American Iron and Steel Institute Thanks EPA and Congress for Compromise on Regulations for Large Vessels Sailing on the Great Lakes

WASHINGTON, D.C., October 28, 2009 – The American Iron and Steel Institute (AISI), on behalf of its U.S. member companies, would like to thank the U.S. Environmental Protection Agency (EPA) and Congress, particularly Congressmen Obey (D-WI) and Oberstar (D-MN), for working with the Lake Carriers Association (LCA) and our member companies on compromise regulations for large vessels sailing on the Great Lakes. 

“AISI would like to thank the U.S. EPA and Congressmen Obey (D-WI) and Oberstar (D-MN) for their leadership in reaching this important compromise,” Thomas J. Gibson, president and CEO of AISI, said. “The decision to allow for the continued sale of residual fuel for consumption in existing maritime boilers helps sustain the maritime economy on the Great Lakes, which includes the shipping of raw materials for steelmaking.”

The three-part compromise states that: 1) the Great Lakes steamships will be exempted from the new EPA regulations, as steamships cannot burn low-sulfur fuel without risking a catastrophic engine explosion; 2) the final rule issue by EPA will include a waiver provision to address either the inadequate supply of low-sulfur fuel or serious economic hardship caused by the increased cost of such fuel (the Category 3 diesel ships on the Great Lakes would be able to apply); and 3) EPA will evaluate the economic impact of the final rule on Great Lakes carriers, and issue a report within six months.

Tens of thousands of employees in mining, transportation, processing and other elements of the supply chain upstream and downstream of the steel mills on the Great Lakes have a significant stake in the decisions made by the EPA and Congress. AISI and its member companies are committed to the protection of the Great Lakes and look forward to working with the EPA and Congress toward enhancing one of our most valuable resources.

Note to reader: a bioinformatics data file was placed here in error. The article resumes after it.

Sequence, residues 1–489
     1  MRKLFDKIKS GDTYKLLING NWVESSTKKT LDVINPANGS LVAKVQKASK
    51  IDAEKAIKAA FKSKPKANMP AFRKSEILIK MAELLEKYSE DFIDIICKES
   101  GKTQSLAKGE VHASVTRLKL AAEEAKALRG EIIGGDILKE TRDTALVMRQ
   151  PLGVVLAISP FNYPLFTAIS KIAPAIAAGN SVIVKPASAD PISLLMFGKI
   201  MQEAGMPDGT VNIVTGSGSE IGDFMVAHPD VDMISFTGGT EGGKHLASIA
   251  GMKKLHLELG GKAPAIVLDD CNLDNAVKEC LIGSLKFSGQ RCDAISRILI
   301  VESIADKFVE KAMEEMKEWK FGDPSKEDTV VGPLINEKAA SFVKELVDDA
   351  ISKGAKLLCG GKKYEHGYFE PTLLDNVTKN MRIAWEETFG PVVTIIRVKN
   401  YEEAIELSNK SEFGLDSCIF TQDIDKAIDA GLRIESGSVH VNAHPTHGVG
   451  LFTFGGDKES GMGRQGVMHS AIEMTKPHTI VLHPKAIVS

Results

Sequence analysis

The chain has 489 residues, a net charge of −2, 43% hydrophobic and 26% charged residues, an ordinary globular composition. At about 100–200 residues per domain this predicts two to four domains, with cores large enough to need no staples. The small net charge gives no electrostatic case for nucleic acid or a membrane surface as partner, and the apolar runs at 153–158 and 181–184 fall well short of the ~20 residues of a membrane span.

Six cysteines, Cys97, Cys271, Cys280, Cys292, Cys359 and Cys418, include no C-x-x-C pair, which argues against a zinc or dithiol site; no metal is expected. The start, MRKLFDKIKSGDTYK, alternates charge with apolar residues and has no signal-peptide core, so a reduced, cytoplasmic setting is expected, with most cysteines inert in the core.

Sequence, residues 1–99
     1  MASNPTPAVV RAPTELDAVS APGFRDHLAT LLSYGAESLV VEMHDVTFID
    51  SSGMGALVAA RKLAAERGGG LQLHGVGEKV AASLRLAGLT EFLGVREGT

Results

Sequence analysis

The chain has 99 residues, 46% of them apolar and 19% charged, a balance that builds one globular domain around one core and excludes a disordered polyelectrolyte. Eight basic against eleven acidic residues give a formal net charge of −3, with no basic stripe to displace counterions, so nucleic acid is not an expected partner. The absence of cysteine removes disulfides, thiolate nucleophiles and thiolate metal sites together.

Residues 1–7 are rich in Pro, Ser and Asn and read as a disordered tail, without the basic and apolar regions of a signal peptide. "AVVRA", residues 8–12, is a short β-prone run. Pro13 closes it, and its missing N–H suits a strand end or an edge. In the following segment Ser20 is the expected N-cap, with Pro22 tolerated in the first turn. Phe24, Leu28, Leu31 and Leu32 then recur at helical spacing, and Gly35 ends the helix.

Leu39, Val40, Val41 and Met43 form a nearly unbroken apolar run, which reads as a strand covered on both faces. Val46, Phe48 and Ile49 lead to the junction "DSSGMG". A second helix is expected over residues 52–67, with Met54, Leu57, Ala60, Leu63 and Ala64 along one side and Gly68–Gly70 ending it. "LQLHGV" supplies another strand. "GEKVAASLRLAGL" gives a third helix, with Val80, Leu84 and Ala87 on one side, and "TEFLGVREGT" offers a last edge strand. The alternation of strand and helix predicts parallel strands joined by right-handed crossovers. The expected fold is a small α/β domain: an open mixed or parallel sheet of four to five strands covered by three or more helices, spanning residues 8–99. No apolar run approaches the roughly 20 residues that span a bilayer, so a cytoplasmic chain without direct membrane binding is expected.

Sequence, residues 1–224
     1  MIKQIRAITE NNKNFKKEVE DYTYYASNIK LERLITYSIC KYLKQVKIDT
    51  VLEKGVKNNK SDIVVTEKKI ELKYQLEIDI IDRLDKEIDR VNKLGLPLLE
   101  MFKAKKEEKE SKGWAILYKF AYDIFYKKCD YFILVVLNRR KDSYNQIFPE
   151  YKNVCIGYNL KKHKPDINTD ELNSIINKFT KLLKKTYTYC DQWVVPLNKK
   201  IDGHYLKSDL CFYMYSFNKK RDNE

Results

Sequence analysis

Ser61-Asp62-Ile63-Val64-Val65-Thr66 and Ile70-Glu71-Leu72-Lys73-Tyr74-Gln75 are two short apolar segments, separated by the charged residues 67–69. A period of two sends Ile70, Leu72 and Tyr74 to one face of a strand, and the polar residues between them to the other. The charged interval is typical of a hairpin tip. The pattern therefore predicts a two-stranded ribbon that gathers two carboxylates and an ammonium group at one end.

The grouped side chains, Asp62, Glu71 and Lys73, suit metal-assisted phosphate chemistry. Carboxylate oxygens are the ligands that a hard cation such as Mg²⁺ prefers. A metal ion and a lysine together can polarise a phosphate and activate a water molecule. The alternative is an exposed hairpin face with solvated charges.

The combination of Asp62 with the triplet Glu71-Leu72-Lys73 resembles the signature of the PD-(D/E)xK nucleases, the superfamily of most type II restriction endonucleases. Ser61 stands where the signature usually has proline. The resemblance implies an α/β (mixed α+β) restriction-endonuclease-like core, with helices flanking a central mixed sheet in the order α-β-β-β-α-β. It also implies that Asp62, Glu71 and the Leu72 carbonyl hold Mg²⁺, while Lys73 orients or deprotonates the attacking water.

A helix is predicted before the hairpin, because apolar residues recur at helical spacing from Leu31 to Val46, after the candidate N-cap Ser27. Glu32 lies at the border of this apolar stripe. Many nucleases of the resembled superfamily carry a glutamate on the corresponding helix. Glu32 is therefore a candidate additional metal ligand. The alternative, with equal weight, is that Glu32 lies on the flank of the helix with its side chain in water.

AISI serves as the voice of the North American steel industry in the public policy arena and advances the case for steel in the marketplace as the preferred material of choice.  AISI also plays a lead role in the development and application of new steels and steelmaking technology.  AISI is comprised of 24 member companies, including integrated and electric furnace steelmakers, and 138 associate and affiliate members who are suppliers to our customers of the steel industry.  AISI's member companies represent approximately 75 percent of both U.S. and North American steel capacity.  For more news about steel and its applications, view AISI’s Web site at www.steel.org.

Contact:
Nancy Gravatt
Vice President, Communications
American Iron and Steel Institute
Tel: 202.452.7115